US-South Korea joint military drill begins
US (L) and South Korea Marines participate in a US-South Korea joint landing operation drill in Pohang, about 370 km (230 miles) southeast of SeoulReuters file photo

The US and South Korea have kicked off their annual military drill alongside the ongoing family reunions between the two Koreas.

The military exercises are said to have been kept relatively low-key so as not to jeopardise the family reunions of Koreans, many of whom have been separated since the 1950-53 Korean War.

With nearly 200,000 South Korean and 13,000 American troops, it is one of the largest military exercises conducted annually by the two countries - and is being conducted despite strong warnings from Pyongyang.

The manouevres include Foal Eagle, a holistic exercise comprising air, ground and naval drills as well as war-time scenarios, such as military provocations or a nuclear attack by North Korea.

Another exercise, Key Resolve, is reportedly set to simulate at least 30 different types of North Korean provocations.

Both Washington and Seoul have defended the drill, which will continue until 24 April, as part of a training exercise but Pyongyang has labelled it a war rehearsal.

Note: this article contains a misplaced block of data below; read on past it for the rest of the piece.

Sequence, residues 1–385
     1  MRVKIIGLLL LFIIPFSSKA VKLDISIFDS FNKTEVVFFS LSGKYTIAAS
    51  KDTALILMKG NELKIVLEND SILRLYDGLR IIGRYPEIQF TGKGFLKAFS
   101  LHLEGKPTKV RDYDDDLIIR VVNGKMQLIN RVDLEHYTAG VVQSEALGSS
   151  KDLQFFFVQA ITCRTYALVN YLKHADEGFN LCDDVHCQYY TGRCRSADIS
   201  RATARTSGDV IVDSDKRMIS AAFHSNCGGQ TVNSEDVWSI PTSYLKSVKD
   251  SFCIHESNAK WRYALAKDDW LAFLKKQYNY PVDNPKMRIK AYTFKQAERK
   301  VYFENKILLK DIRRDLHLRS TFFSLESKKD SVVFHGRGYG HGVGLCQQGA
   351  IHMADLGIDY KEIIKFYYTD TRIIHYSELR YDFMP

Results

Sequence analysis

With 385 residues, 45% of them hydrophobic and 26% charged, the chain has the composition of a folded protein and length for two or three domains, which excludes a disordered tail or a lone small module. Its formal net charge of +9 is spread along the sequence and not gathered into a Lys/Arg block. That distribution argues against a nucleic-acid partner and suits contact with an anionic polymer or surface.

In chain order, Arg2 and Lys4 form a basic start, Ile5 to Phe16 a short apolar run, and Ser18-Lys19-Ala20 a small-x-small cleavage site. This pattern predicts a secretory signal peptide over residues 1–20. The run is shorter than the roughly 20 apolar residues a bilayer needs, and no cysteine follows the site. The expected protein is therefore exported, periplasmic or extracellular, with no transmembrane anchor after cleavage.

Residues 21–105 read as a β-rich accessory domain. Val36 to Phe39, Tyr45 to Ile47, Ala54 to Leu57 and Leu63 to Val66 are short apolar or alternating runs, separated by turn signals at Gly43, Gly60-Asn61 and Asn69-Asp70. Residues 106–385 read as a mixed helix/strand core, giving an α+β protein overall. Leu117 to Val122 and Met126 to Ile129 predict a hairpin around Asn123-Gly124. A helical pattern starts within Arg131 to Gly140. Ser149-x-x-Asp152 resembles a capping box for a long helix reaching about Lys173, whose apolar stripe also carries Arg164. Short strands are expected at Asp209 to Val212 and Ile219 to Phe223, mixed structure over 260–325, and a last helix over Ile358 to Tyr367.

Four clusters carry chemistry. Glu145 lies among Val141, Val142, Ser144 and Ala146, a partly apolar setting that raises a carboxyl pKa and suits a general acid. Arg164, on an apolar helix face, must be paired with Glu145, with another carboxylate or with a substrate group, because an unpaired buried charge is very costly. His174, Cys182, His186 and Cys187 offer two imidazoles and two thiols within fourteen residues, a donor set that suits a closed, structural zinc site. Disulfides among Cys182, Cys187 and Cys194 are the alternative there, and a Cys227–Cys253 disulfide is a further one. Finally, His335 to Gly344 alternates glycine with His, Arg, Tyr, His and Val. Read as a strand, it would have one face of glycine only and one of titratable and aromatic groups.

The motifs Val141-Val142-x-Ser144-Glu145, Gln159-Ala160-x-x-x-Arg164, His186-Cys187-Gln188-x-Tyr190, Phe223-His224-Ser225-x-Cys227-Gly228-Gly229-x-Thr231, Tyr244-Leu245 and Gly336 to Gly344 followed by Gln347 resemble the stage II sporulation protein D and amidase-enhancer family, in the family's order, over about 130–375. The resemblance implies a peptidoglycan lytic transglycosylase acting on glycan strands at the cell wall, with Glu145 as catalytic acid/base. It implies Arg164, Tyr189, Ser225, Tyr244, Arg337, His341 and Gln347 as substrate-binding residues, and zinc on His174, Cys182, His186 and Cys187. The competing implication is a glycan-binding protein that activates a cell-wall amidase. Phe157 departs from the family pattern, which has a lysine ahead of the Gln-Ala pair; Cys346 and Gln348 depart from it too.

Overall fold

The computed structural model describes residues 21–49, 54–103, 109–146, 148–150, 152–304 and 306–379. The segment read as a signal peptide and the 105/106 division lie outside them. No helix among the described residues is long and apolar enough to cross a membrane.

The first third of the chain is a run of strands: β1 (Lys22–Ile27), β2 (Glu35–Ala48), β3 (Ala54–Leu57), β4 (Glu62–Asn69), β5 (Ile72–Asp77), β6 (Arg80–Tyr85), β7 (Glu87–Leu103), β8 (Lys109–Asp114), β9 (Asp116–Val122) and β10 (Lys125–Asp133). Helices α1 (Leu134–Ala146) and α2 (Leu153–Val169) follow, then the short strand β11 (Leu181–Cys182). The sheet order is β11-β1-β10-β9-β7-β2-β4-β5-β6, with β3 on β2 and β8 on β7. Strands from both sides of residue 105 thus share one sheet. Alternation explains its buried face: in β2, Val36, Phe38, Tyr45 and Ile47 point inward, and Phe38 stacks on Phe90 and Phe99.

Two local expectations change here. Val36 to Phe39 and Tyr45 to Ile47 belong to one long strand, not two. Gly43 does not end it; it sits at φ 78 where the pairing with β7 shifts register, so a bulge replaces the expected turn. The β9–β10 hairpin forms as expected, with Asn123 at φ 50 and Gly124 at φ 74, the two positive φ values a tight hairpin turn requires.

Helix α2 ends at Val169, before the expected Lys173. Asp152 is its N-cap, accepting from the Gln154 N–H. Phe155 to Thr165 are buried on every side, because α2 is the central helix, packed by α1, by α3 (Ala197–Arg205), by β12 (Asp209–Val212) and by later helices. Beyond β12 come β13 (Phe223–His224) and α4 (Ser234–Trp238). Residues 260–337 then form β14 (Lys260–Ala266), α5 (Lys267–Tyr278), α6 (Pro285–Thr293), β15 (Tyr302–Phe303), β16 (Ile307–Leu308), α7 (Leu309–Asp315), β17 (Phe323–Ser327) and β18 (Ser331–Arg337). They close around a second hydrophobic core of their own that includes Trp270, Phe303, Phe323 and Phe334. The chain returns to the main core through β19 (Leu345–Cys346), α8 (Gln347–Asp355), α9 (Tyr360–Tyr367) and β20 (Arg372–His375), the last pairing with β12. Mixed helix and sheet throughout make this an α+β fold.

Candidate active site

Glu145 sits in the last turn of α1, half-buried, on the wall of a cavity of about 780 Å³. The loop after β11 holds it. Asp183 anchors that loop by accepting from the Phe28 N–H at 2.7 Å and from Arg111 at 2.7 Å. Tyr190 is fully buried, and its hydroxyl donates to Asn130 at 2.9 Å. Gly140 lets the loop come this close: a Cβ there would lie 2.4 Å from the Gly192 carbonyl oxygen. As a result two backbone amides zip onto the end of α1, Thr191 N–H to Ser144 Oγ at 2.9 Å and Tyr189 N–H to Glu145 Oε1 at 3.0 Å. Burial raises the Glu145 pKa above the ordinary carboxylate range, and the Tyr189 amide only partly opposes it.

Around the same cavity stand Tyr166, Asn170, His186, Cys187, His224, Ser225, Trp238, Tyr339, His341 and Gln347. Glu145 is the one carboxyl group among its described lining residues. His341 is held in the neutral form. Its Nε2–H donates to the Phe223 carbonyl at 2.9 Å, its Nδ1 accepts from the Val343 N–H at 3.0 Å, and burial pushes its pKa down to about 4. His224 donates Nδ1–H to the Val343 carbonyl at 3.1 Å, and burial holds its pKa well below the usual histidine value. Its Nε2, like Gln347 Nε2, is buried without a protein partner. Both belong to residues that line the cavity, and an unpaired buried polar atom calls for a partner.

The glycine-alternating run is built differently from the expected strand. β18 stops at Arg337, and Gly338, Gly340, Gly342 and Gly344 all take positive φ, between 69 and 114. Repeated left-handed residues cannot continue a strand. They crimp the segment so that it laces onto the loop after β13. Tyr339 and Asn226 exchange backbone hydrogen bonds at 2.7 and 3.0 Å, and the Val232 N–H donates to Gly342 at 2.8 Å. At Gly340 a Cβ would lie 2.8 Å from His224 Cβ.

"South Korea and the US will go ahead with the Key Resolve and Foal Eagle exercises as planned, without readjusting the schedule and the scope," said South Korean defence ministry spokesperson Kim Min-seok prior to the start.

"As of now, there are no unusual movements from North Korea. We will only take action against North Korea if it makes provocations or denunciations."

Meanwhile, an outpouring of emotions has marked the reunion of hundreds of South Koreans with their relatives in North Korea's Mount Kumgang resort.

Only a few of the millions who remain separated have thus far been able to meet their relatives. Among them was 80-year-old South Korean Lee Yik-kyu who came face to face with his brother Ri In Gyu, 83, who was captured by North Korean troops during the war.

"Are you my brother?" Lee has been quoted as asking. "It's Yik-kyu."